Figure 5. Standalone mode.
If the DS1086 will never be programmed in-circuit, even during production testing, then the pull-up resistors are not needed and the signals can be tied directly to the voltage supply. This simplifies the design because there are fewer components needed and software is not required. The disadvantage is that the DS1086 cannot easily be programmed without redesigning the hardware.
Design ConsiderationsThe following questions need to be addressed when using a spread spectrum oscillator as a clock for a microcontroller based system:
- How well does the system accept frequency variation?
Most systems that do not require precise timing have no problem with the frequency variation the DS1086 creates. The signal only varies, for example with a 33MHz clock and 4% dither, 1.9ns (1÷31.69MHz - 1÷33MHz = 1.9ns).
- Which DS1086 specifications may affect microcontrollers?
The specifications the designer should pay particular attention to are tolerance, duty cycle, and power-up time.
- What is the tolerance of the microcontroller's clock?
The microcontroller clock usually has a maximum rise and fall time and a minimum high and low time. Using these values the fastest clock speed can be calculated. For more information about the microcontroller clock specifications see the microcontroller datasheet.
- Will real-time measurements be made?
A dithered clock might produce an inaccurate 'time of day' clock and also inaccurate real-time precision measurements.
- How tight are the microcontroller's specifications on data set-up and hold times?
Dither on the clock could cause set-up and hold time violations. The data must be set-up and stable before being clocked into register.
- At what frequency should microcontroller timing calculations be done?
The microcontroller timing calculations should be done using the programmed frequency.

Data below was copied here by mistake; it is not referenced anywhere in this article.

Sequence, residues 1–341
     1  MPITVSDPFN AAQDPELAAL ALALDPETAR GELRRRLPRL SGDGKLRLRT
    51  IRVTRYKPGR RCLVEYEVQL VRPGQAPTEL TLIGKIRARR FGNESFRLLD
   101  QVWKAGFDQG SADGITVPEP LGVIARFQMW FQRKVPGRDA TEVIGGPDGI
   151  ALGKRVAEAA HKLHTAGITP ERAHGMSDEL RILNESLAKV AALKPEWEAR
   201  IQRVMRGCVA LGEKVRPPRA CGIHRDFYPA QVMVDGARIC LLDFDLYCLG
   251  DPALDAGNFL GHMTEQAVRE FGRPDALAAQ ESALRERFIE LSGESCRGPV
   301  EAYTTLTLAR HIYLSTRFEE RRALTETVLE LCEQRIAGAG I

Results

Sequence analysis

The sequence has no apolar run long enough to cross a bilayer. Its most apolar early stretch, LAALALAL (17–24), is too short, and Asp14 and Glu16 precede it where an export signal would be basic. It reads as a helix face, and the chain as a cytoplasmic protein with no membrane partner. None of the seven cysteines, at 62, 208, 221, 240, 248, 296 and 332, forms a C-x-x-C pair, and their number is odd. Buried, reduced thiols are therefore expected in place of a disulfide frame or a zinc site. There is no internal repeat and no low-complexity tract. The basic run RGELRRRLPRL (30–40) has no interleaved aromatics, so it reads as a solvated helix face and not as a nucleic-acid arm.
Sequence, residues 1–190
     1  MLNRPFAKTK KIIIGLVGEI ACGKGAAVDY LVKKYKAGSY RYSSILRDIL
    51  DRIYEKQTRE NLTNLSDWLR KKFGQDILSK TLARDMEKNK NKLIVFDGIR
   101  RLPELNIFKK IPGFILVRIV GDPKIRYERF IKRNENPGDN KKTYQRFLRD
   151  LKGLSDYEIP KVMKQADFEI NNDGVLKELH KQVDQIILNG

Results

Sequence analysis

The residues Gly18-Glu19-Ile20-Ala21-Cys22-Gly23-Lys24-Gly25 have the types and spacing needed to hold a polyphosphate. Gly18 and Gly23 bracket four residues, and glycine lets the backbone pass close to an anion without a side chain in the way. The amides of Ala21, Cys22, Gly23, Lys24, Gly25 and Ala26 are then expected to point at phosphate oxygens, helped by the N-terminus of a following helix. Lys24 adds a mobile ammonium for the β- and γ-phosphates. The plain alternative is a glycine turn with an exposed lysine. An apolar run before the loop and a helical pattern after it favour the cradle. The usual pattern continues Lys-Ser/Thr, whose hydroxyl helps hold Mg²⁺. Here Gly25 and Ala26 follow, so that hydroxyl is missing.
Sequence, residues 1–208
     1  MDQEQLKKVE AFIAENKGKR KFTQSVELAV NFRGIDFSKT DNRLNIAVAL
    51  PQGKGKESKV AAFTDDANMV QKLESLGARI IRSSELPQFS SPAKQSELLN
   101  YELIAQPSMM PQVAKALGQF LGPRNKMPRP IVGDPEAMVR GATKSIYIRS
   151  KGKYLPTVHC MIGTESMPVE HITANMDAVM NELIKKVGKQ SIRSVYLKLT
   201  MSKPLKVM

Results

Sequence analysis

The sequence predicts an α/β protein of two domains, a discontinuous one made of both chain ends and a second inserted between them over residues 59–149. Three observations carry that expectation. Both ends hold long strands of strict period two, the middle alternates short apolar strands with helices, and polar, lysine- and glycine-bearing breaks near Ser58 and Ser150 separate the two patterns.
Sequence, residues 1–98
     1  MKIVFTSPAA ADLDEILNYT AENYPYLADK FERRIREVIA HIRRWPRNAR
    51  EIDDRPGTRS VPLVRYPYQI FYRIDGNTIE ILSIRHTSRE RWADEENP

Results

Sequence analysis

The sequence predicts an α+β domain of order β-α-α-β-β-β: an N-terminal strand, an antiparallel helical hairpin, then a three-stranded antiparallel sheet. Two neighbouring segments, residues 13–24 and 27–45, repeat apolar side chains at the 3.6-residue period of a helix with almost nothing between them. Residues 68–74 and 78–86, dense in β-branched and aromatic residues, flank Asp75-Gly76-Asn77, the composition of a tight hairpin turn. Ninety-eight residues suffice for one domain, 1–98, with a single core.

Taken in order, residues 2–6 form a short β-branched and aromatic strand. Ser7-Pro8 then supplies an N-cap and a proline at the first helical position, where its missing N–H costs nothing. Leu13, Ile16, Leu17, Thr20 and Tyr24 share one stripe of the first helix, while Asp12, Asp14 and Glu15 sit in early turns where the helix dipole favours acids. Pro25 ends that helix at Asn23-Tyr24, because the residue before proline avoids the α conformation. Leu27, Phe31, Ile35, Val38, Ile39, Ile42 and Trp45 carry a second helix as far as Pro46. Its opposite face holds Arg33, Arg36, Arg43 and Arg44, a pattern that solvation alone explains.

- Will a synchronous clock be used for clock recovery?
A dither-free clock would be needed for creating a synchronous clock for clock recovery.
Advantages of Using the DS1086 Over a Crystal OscillatorThere are many advantages to using a DS1086 instead of a crystal oscillator. Since the DS1086 has a spread spectrum output, the radiated emission peaks are reduced when the frequency is dithered 2% or 4% below the programmed frequency. The DS1086 offers up to 20dB reduction in radiated emissions (rms voltage) relative to crystal oscillators. Figure 6 shows the differences in the clock spectrum amplitude of a crystal oscillator and the DS1086 with 4% dither enabled.
Figure 6. Spectrum comparison between DS1086 and a crystal oscillator.
The user can also easily change the output frequency on-the-fly. A programmable oscillator prevents having to purchase numerous crystal oscillators of different frequencies. Also a tank circuit is not needed with an EconOscillator, as it is for crystal oscillators in systems requiring high frequencies.
The DS1086 is also less susceptibility to vibration, has a power-down mode, and is available in a smaller package than some crystal oscillators. The DS1086 is available in an 8-pin 150mil SO package. An 8-pin 118mil µSOP is a future product.
ConclusionsThe DS1086 can be used as a system clock for a microcontroller in place of a crystal oscillator to reduce emission peaks. This application note shows the DS1086 as a clock for two popular microcontrollers, the 8051 and PIC.
Any questions or comments about this application note can be sent to .
For more information about the DS1086 refer to the data sheet and the following application notes:
DS1086 Frequency Calculator
2-Wire Communication with LabVIEW